The Tenets of Hosting a Technical Workshop for Humans

How to have a successful technology workshop.  Inspired by a workshop at Velocity 2010.

  1. Name your session correctly and enter a description that is suitable and specific. Calling it “From design to deploy” and having a workshop about installing a key-value store and setting up an app are two vastly different things.
  2. If there are pre-requisites list them with the description so people can prepare (or skip your session).
  3. Don’t assume everyone  will have an Apple laptop in their hands. That runs OSX 10. That has access to local network. That runs Chrome 6 or Safari.
  4. Before you dive into configuration and install steps, explain what your software does and why we should care. Then explain what the workshop is going to do and how.
  5. Hand out some materials so people can go at their own pace.
  6. Don’t write the demo materials and code the night before you are giving a presentation at a major conference.
  7. Have an assistant to help individual folks so you don’t run from person to person like a butt monkey while everyone else twiddles their thumbs.
  8. Don’ be lazy and terse with your slides. Unless you have some really good software that is solid and works with any input on any environment, under any condition.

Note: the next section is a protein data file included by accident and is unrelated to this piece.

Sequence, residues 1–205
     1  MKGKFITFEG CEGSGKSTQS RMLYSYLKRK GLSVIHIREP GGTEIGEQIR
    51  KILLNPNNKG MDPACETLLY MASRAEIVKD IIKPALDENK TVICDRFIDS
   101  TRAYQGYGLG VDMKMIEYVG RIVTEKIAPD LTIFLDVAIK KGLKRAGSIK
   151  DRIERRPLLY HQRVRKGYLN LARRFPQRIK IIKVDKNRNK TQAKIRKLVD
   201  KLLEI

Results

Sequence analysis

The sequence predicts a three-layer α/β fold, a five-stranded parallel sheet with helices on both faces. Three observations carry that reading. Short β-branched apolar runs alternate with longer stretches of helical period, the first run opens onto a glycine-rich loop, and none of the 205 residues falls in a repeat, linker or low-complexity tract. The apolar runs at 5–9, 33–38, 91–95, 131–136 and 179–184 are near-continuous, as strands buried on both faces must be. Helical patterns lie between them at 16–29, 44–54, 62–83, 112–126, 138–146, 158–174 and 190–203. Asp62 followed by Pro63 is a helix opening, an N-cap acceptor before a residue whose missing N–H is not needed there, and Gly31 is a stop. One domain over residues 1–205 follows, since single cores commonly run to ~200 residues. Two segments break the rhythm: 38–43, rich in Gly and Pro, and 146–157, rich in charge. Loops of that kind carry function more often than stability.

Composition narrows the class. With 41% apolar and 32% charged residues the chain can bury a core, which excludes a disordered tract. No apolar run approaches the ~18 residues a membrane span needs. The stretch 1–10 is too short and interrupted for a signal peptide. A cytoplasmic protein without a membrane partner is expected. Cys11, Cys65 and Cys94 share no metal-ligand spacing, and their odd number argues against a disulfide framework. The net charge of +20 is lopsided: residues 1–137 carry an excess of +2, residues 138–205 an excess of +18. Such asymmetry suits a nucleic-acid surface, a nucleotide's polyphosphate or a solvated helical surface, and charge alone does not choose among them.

9. As people are performing the steps of the workshop, follow along and display what you are doing why explaining the steps. Don’t sit around and drop smart-ass tongue-in-cheek comments about the world. Hopefully you have rehearsed and tested the steps as you present them to your audience.
  10. If you are showing snippets of code on different slides, don’t just explain how they work together and that function on page calls a method on page 3. Show the code structure and then dive into it.
  11. Don’t assume the workshop network will be the same as your home network with every host open to everyone else.
  12. Make sure the software version you are demoing is tested and stable. Or don’t tell people there are no single points of failure in your badass software.
  13. Test your demo and and the instructions that people will be performing.
  14. Have a backup plan even if it involves handing out materials and doing pen and paper exercises.
  15. Leave some materials with folks that can be handy to follow up on the workshop.
  16. Thank your audience for being patient :).
  17. When you think you are done preparing, prepare some more.

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Filed under DevOps, Conferences

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